• Placing Overdrive before or after Distortion – The placement of overdrive and distortion effects in relation to one another is highly subjective. Many guitarists place their “dirt” pedals in order of their gain level settings. For example, you may choose to place an overdrive pedal with a mild gain setting in front of a distortion pedal that has a higher gain setting. However, try reversing the two & see how it sounds to you. You might also like to “goose” the input of one dirt pedal with another by increasing the first pedal’s volume and/or gain. Note: A compressor is also a common tool to use in this application.
  • Before or after a fuzz pedal - Placing an overdrive before a fuzz pedal, and playing the two combined, will allow you to saturate your fuzz sound more so than just using the fuzz alone. The tonal character will still be closer to that of the fuzz pedal, but with more saturation. Placing an overdrive after a fuzz pedal will allow your overdrive tones to sound bigger & fuzzier. This can be a great wooly lead tone & is very amp-like.
  • Before or after a compressor pedal - As already stated…Placing a compressor before an overdrive pedal is going to even out the dynamics going into the overdrive, providing a smoother saturation tone. Placing a compressor after an overdrive pedal will allow the overdrive pedal react to your playing more like if you weren’t using the compressor pedal. The compressor then evens out the output of the overdrive, helping to level out volume spikes. This placement was made popular by Trey Anastasio of Phish.
  • Before or after a wah pedal - As already stated…Placing a wah before an overdrive pedal will provide a brighter, snappier, more quacky wah/overdrive combo. Great if you want your tone to jump off the stage & stand out. Placing a wah after an overdrive will make your wah/overdrive more mellow & sit in the mix more evenly.

Fuzz Pedal PlacementFuzz Pedal Placement

  • Before or after an overdrive pedalAs already stated…Placing an overdrive before a fuzz pedal, and playing the two combined, will allow you to saturate your fuzz sound more so than just using the fuzz alone. The tonal character will still be closer to that of the fuzz pedal, but with more saturation. Placing an overdrive after a fuzz pedal will allow your overdrive tones to sound bigger & fuzzier. This can be a great wooly lead tone & is very amp-like.
  • Before or after a compressorAs already stated…Placing a compressor before or after a fuzz pedal is going to provide similar results as with an overdrive. Notice how the fuzz retains its punchy-ness if you place the compressor afterward. Be careful with placing noisy fuzz pedals before compressors, as most compressors will amplify the noise.
  • Before or after a wahAs already stated…Placing a wah before a fuzz pedal will provide darker tone, yet still dynamic and with body. Placing a wah after a fuzz pedal will provide brighter, yet sometimes thinner fuzz tone. Most wah pedals cannot be placed in front of a fuzz pedal without farting out. To solve this, guitarists use a fuzz friendly wah (like the one made by Real McCoy Custom).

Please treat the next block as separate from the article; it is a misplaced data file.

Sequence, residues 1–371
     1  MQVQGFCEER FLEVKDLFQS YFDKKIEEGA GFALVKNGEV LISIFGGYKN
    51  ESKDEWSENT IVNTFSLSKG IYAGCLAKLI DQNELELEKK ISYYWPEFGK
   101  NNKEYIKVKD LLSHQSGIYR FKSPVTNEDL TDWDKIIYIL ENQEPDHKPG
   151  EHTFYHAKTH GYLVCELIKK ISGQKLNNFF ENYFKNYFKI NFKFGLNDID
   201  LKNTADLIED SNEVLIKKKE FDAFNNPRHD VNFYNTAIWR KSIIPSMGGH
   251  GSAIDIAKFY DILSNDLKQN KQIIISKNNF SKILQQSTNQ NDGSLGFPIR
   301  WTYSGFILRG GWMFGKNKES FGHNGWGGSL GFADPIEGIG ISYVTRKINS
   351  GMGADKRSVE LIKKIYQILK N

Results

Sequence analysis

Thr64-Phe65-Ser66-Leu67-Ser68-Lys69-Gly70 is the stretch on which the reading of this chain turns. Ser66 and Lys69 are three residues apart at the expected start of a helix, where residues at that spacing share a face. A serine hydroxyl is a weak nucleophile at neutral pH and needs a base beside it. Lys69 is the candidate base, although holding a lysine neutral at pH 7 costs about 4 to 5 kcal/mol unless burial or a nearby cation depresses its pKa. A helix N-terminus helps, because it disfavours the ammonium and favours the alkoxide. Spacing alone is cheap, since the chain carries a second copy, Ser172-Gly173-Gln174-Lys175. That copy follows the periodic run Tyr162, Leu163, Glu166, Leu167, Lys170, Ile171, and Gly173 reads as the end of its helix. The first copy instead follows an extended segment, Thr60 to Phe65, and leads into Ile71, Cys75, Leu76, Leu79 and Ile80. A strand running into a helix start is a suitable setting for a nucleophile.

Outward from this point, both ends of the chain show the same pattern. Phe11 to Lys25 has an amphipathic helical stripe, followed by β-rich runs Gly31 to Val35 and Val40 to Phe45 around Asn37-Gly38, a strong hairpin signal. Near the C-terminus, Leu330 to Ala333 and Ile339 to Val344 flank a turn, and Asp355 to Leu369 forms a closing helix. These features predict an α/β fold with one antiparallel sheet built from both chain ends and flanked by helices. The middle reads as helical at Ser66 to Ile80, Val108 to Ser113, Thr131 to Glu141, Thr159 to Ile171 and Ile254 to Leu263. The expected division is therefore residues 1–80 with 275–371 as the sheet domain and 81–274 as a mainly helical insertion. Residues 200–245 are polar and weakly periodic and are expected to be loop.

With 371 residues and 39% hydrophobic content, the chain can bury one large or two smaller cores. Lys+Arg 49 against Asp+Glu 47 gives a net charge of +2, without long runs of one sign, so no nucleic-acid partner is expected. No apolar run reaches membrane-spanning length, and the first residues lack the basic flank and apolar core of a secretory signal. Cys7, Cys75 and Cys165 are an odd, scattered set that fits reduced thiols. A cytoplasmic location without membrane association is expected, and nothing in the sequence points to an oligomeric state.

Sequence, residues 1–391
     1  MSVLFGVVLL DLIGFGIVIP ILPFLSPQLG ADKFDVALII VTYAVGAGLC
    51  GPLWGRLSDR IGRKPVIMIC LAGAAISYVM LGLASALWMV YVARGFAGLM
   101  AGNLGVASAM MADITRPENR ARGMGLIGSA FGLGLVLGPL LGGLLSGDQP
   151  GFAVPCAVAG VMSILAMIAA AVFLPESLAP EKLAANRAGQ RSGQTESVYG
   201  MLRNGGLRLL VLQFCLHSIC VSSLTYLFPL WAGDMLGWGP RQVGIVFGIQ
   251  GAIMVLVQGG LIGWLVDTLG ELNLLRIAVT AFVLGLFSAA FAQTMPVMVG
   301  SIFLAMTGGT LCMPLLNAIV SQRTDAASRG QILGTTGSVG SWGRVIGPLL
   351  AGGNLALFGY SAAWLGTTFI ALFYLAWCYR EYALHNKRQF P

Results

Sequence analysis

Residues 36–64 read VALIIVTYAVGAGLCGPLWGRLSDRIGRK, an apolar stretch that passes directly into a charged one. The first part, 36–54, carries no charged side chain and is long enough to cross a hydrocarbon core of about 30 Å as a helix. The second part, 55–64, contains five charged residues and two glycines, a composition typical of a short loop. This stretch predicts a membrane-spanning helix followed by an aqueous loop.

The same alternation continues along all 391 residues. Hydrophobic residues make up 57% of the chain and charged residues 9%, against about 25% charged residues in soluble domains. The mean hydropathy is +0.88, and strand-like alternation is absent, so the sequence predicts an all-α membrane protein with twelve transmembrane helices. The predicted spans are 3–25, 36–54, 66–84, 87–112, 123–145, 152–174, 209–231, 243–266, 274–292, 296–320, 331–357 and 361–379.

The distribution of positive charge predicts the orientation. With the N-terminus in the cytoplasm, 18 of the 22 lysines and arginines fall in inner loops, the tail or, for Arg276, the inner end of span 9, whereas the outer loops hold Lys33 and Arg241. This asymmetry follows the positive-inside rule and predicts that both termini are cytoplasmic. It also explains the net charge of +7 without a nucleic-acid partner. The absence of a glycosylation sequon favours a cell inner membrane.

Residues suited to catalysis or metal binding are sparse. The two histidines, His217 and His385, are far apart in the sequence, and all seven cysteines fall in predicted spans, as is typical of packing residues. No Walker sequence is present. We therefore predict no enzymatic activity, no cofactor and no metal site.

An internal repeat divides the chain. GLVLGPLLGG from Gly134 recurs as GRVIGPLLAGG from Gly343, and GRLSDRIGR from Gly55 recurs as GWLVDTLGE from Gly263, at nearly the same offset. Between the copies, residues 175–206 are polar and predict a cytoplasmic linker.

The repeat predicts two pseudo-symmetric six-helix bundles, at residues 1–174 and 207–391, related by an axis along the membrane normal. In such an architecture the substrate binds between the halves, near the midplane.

• Octave Fuzz Pedals – While octave fuzz pedals can be considered pitch shifters, they mostly act like fuzz pedals and are usually placed at the front of your signal chain. Experiment with placing an octavia just before or after your fuzz or overdrive pedal. Placing an octavia before a fuzz/overdrive/distortion pedal is a very common placement.

EQ Pedal PlacementEQ Pedal Placement

  • Equalizer (EQ) pedals are like swiss army knives. They provide a tone shaping tool based on need. Common uses of EQ pedals are to place them before or after other dirt pedals (overdrive & fuzz mainly) in order to change the tonal character of dirt tone, when turning the EQ pedal on. For example, scooping the mids on an EQ pedal will help take a typical tubescreamer clone from a lead tone to a rhythm tone. Placing the EQ before or after the dirt pedal will simulate Pre-EQ or Post-EQ techniques commonly used with an overdriven amplifier.

 

Modulation Pedal PlacementModulation Effect Placement

  • Most modulation pedals (Phasers, Flangers, Chorus, Univibe, etc.) sit nicely in your chain towards the end, but before level, delay & reverb effects. However, as Robert Keeley mentions, try using a phaser before fuzz, overdrive & distortion. You’ll notice a more dramatic effect when the phaser & fuzz/overdrive are used together. This also works well with univibes, to get a more chewy tone.

 

Whammy Pedal PlacementPitch Shifter Effect Placement

  • Pitch Shifter Effect Placement (Harmonizers, Whammy pedals, etc.) – Pitch shifting pedals typically like to receive a clean, unaffected, & less dynamic signal, in order to work their best. So, placing a compressor before a pitch shifter is a good idea. Dirt pedals (fuzz, overdrive, distortion) have a hard time handling multiple pitches at once. The tone tends to turn to mush. With this in mind, it’s most common to place a pitch shifter after a dirt pedal (fuzz, overdrive, distortion). On the other hand, placing a Digitech Whammy pedal before an overdrive seems to work. Your mileage may vary.

 

Volume Pedal PlacementLevel Effect Placement

  • Volume controlling pedals, such as tremolo & volume pedals, are best placed toward the end of the signal chain.

 

 

 

 

Delay Pedal PlacementDelay Pedal Placement

  • Delay pedals are like reverb in that they simulate an environment’s response to your guitar sound. Thus, the most natural place for them is at the end of your chain. However, placing a delay pedal before a modulation pedal will provide densely modulated delays, which can be a cool effect.